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This eBook from the Gutenberg Project consists of approximately 887 pages of information about Recollections of the Private Life of Napoleon Complete.

CHAPTER IV.

We arrived at Saint-Cloud on the 27th of July; and the Emperor passed the summer partly in this residence, and partly at Fontainebleau, returning to Paris only on special occasions, and never remaining longer than twenty-four hours.  During his Majesty’s absence, the chateau of Rambouillet was restored and furnished anew, and the Emperor spent a few days there.  The first time he entered the bathroom, he stopped short at the door and glanced around with every appearance of surprise and dissatisfaction; and when I sought the cause of this, following the direction of his Majesty’s eyes, I saw that they rested on various family portraits which the architect had painted on the walls of the room.  They were those of madame his mother, his sisters, Queen Hortense, etc.; and the sight of such a gallery, in such a place, excited the extreme displeasure of the Emperor.  “What nonsense!” he cried.  “Constant, summon Marshal Duroc!” And when the grand marshal appeared, his Majesty inquired, “Who is the idiot that could have conceived such an idea?  Order the painter to come and efface all that.  He must have little respect for women to be guilty of such an indecency.”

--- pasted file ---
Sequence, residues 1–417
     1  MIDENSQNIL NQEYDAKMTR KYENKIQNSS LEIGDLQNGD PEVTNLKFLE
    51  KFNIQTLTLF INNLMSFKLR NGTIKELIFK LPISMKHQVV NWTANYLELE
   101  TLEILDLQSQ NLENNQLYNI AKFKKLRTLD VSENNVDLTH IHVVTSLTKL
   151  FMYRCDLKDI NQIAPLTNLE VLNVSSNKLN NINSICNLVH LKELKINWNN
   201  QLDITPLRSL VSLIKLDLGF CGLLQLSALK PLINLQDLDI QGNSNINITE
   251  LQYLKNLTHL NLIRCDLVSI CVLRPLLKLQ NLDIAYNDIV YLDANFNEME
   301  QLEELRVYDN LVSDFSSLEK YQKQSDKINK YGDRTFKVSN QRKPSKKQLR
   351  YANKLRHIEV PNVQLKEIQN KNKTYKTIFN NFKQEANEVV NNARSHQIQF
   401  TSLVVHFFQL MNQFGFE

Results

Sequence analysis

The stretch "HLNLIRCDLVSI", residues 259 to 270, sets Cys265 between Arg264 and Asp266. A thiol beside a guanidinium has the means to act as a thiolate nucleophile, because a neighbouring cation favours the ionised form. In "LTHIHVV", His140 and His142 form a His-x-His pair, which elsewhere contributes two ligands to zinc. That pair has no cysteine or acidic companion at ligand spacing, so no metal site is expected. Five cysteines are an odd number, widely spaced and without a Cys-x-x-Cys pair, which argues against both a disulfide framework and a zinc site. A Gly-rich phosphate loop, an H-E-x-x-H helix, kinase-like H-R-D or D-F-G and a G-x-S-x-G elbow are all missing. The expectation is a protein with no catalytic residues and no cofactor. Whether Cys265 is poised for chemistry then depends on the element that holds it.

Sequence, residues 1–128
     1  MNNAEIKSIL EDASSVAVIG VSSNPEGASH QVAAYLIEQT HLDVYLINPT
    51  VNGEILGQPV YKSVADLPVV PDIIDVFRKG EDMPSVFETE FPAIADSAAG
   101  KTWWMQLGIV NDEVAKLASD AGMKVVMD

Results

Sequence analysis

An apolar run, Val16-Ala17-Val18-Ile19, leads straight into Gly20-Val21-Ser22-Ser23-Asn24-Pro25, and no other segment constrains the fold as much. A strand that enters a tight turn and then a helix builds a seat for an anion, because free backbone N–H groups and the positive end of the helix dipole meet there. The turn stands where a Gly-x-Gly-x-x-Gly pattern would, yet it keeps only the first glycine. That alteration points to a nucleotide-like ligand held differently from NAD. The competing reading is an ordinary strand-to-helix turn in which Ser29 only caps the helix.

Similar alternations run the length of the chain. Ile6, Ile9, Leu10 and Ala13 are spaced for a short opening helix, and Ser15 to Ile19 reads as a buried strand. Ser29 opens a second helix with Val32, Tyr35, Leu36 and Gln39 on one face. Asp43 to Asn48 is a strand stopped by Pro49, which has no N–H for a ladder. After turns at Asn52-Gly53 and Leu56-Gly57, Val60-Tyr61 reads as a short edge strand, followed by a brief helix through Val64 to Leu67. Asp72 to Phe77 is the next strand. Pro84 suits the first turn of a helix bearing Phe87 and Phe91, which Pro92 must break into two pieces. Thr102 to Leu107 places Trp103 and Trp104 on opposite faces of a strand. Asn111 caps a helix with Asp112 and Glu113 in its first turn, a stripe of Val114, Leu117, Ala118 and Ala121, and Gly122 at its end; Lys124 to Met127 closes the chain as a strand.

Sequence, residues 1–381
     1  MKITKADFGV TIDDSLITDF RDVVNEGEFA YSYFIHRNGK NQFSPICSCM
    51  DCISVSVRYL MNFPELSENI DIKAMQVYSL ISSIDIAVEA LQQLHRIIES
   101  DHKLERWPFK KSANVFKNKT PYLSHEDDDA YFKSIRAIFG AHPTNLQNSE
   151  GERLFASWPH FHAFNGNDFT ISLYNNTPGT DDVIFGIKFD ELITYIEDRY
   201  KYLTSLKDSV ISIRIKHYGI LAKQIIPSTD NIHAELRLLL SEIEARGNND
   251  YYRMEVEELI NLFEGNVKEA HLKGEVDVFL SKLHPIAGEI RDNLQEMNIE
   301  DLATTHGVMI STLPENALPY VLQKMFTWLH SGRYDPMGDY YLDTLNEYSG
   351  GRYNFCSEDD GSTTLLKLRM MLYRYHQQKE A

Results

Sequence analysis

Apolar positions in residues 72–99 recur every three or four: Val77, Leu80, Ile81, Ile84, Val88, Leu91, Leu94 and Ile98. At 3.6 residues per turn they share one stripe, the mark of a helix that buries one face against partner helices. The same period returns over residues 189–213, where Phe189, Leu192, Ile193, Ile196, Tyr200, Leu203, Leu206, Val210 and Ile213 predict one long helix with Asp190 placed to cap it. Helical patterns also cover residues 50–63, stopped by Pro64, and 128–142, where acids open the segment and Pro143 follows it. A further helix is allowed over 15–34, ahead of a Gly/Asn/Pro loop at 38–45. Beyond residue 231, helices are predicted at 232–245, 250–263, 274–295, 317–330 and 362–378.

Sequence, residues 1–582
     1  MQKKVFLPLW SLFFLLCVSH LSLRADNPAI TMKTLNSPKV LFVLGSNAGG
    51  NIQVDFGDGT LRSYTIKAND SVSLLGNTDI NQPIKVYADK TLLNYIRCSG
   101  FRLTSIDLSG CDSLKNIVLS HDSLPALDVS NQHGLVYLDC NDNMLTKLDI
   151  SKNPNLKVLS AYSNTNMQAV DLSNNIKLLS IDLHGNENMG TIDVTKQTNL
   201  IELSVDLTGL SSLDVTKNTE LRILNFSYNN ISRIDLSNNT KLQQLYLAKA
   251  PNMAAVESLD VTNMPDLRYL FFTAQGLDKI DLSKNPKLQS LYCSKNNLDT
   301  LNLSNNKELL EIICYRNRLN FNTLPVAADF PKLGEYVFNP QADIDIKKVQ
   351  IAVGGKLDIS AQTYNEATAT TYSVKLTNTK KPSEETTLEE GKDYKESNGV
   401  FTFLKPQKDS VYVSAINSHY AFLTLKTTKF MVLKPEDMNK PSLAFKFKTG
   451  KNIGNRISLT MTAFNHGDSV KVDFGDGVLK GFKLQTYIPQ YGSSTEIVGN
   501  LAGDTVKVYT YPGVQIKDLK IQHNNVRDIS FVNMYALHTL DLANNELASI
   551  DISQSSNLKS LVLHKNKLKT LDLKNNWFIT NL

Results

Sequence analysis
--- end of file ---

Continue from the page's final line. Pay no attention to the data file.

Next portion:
When the court sojourned at Fontainebleau, the inhabitants indemnified themselves amply for his Majesty’s long absences by the high price at which they sold all articles of food.  Their extortions became scandalous impositions, and more than one foreigner making an excursion to Fontainebleau thought himself held for ransom by a troop of Bedouins.  During the stay of the court; a wretched sacking-bed in a miserable inn cost twelve francs for a single night; the smallest meal cost an incredible price, and was, notwithstanding, detestable; in fact, it amounted to a genuine pillage of travelers.  Cardinal Caprara,

   [Giovanni Battista Caprara, born of a noble family at Bologna,
   1733; count and archbishop of Milan; cardinal, 1792; Negotiated the
   Concordat, 1801; died 1810]

whose rigid economy was known to all Paris, went one day to Fontainebleau to pay his court to the Emperor, and at the hotel where he alighted took only a single cup of bouillon, and the six persons of his suite partook only of a very light repast, as the cardinal had arranged to return in three hours; but notwithstanding this, as he was entering his carriage, the landlord had the audacity to present him with a bill for six hundred francs!  The prince of the church indignantly protested, flew into a rage, threatened, etc., but all in vain; and the bill was paid.

Such an outrageous imposition could not fail to reach the Emperor’s ears, and excited his anger to such a degree that he at once ordered a fixed schedule of prices, which it was forbidden the innkeepers to exceed.  This put an end to the exactions of the bloodsuckers of Fontainebleau.

On the 21st of August, there arrived at Paris the Princess Catharine of Wurtemberg, future wife of Prince Jerome Napoleon, King of Westphalia.  This princess was about twenty-four years of age, and very beautiful, with a most noble and gracious bearing; and though policy alone had made this marriage, never could love or voluntary choice have made one that was happier.

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